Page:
National Security

NSA gets ready to turn out the lights

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The National Security Agency will begin winding down its controversial surveillance programs this weekend unless Congress reaches a deal to maintain them, the Department of Justice warned in a memo to lawmakers on Wednesday.

A legislative solution looks unlikely, given substantive differences between House and Senate Republicans, and the two chambers’ conflicting schedules.

{mosads}The House is scheduled to leave Washington on Thursday afternoon and is not set to return until the day after the existing law governing the NSA programs expires.

Even a temporary lapse in the law would be a significant political blow to Senate Majority Leader Mitch McConnell (R-Ky.), who has sought to show that a Republican-led Senate can govern more effectively than one run by Democrats.

By taking part in a high-stakes gamble to oppose reform, however, the GOP leader has increased the odds that the legal provisions will expire — at least for a short while.

In its Wednesday memo, the Justice Department said the NSA would begin to wind down its programs after Friday “to ensure that it does not engage in any unauthorized collection or use of the metadata.”

At 12:01 a.m. on June 1, the NSA will not be able to use its “expiring authorities” for any new investigations, it said.

The House last week overwhelmingly passed the USA Freedom Act in a 338-88 vote. The bill would renew the three expiring portions of the Patriot Act but end the NSA’s warrantless bulk collection of U.S. phone records. The program collects metadata, such as the numbers involved in a call and when it occurred, but not people’s conversations.

McConnell has said he would bring the House bill to the Senate floor for a vote, but because of Senate rules, the earliest the chamber could vote would be Friday. The standoff could even force a rare Saturday session, and a filibuster launched Wednesday by Sen. Rand Paul (R-Ky.) targeting the NSA is complicating the schedule further.

The USA Freedom Act appears to be the only chance that lawmakers have to prevent the laws from expiring, but it seems unlikely to get the 60 votes needed to overcome a procedural hurdle.

Virtually all Democrats are expected to support the bill, with the possible exception of Sen. Bill Nelson (D-Fla.), who opposed similar legislation last year, as are a handful of Republicans. The USA Freedom Act has five GOP co-sponsors: Sens. Mike Lee (Utah), Ted Cruz (Texas), Steve Daines (Mont.), Lisa Murkowski (Alaska) and Dean Heller (Nev.).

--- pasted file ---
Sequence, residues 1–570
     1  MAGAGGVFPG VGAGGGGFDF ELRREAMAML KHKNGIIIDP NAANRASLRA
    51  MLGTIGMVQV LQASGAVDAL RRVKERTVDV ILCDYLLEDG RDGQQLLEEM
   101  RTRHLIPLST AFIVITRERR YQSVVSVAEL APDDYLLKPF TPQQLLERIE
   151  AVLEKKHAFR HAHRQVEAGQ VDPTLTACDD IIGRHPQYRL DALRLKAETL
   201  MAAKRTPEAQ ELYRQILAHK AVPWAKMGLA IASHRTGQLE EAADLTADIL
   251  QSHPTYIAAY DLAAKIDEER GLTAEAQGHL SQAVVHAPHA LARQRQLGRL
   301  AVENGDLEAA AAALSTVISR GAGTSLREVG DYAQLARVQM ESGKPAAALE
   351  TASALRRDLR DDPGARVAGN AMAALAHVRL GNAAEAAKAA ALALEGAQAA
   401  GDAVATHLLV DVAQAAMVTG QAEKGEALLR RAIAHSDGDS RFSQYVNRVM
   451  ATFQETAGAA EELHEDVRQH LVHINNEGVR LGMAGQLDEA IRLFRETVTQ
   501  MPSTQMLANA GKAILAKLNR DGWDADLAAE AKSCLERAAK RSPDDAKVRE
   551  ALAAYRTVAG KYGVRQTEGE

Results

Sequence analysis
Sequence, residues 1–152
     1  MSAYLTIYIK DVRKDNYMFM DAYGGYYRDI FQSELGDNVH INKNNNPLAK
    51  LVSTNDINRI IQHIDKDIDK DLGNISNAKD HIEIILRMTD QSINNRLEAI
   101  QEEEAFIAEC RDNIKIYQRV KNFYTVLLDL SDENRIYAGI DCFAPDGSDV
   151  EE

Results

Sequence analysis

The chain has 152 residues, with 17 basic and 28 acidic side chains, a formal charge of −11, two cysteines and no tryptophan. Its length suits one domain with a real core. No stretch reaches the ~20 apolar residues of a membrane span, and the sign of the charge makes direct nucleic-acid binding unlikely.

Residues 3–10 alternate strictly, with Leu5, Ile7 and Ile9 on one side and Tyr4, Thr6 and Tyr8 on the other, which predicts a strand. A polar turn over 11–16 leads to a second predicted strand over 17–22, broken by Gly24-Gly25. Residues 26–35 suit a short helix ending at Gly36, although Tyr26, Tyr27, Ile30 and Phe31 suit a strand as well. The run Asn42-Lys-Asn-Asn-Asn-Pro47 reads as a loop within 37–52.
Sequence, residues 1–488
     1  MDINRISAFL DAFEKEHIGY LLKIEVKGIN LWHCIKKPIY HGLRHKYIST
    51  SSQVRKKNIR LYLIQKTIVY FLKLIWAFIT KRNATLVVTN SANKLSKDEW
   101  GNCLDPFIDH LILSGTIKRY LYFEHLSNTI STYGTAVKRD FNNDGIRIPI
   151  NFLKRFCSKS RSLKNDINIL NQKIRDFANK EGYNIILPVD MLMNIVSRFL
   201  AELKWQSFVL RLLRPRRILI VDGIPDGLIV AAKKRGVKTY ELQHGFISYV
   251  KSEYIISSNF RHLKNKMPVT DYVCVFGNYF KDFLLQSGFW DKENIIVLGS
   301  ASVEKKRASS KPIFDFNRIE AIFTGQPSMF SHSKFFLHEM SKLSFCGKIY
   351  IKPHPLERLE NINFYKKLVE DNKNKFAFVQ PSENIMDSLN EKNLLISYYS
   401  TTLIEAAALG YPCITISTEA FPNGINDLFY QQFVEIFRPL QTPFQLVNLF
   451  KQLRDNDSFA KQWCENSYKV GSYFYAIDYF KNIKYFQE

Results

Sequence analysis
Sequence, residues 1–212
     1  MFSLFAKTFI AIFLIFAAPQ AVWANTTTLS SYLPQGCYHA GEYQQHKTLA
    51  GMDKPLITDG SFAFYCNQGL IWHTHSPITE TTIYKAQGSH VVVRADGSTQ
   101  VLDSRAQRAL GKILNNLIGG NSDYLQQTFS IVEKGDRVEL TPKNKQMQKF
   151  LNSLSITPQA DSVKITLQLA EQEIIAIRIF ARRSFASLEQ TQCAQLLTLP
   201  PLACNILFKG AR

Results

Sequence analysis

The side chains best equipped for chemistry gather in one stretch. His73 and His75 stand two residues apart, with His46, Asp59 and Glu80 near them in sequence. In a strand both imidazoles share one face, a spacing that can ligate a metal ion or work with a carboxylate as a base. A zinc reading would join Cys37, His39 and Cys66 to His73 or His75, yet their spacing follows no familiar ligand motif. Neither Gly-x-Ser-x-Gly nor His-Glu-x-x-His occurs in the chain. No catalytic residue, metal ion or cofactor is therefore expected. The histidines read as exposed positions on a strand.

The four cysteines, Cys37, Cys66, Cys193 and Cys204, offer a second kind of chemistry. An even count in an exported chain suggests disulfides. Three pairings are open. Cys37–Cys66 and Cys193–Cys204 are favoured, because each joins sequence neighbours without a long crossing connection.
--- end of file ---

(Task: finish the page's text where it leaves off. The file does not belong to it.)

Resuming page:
Rep. Cory Gardner (R-Colo.) also told The Hill this week he would support the bill, bringing the total number of supporters to at least 51, short of the 60 needed.

GOP leaders, including McConnell as well as Intelligence Committee Chairman Richard Burr (R-N.C.), have pledged to oppose the bill, and many GOP lawmakers are likely to join them.

Despite Paul’s vocal tirade against the NSA on Wednesday, he opposed a similar effort last year and appears likely to vote against anything that renews the portions of the Patriot Act.

“There comes a time in the history of nations when fear and complacency allow power to accumulate, and liberty and privacy to suffer,” he said from the Senate floor Wednesday. “That time is now, and I will not 

allow the Patriot Act — the most unpatriotic of acts — go unchallenged.” 

Paul, who is likely to use his anti-NSA speech on the Senate floor to bolster his presidential campaign, suggested Congress was shirking its duty on the legislation.

“We should debate whether or not we are going to relinquish our rights,” Paul said in the early moments of his speech, which began at 1:18 p.m., “or whether or not we are going to have a full and able debate over whether or not we can live within the Constitution.”

Paul’s extended remarks did not actually qualify as a filibuster on Wednesday because they did not come as the Senate was considering a Patriot Act reform bill, nor did they meaningfully affect the chamber’s schedule in any way. Still, the speech became the focus of the Capitol and delivered on his long-promised threat to take to the Senate floor to oppose the Patriot Act.

Supporters of the USA Freedom Act have insisted they could get it across the finish line if only McConnell would allow amendments before subjecting it to a 60-vote threshold.

“McConnell is trying to do a drive-by vote,” said Conn Carroll, a spokesman for Lee, the lead Republican sponsor of the USA Freedom Act. “We should have a real debate on this issue, and that includes amendments from both sides on the USA Freedom Act, and that is what we are pushing for.

“We’re prepared to stay here until next Sunday to have this debate,” he added.

Instead, GOP leaders have planned on letting the USA Freedom Act fail and then taking up a short-term reauthorization of the expiring provisions that would extend them for two months.

A short-term lapse in the law might not matter too much to the NSA and FBI, who will be able to continue existing investigations even if the authorities expire. And the have other ways to collect information. But that could change if the brief extension stretches out for a few days or weeks.

The lapse might also have significant political impact on the House.

Instead of being asked to renew an existing program on June 1, House lawmakers would be asked to massively expand the law. Given the chamber’s tendencies to support strong reform, it seems unclear whether House lawmakers would take that step.

“It would be akin to a new vote to enact Patriot Act authorities — something two-thirds of the House members have never done,” Harley Geiger, the advocacy director at the Center for Democracy and Technology, and a supporter of the USA Freedom Act, wrote in a blog post. “This vote should give many members reason to pause.”

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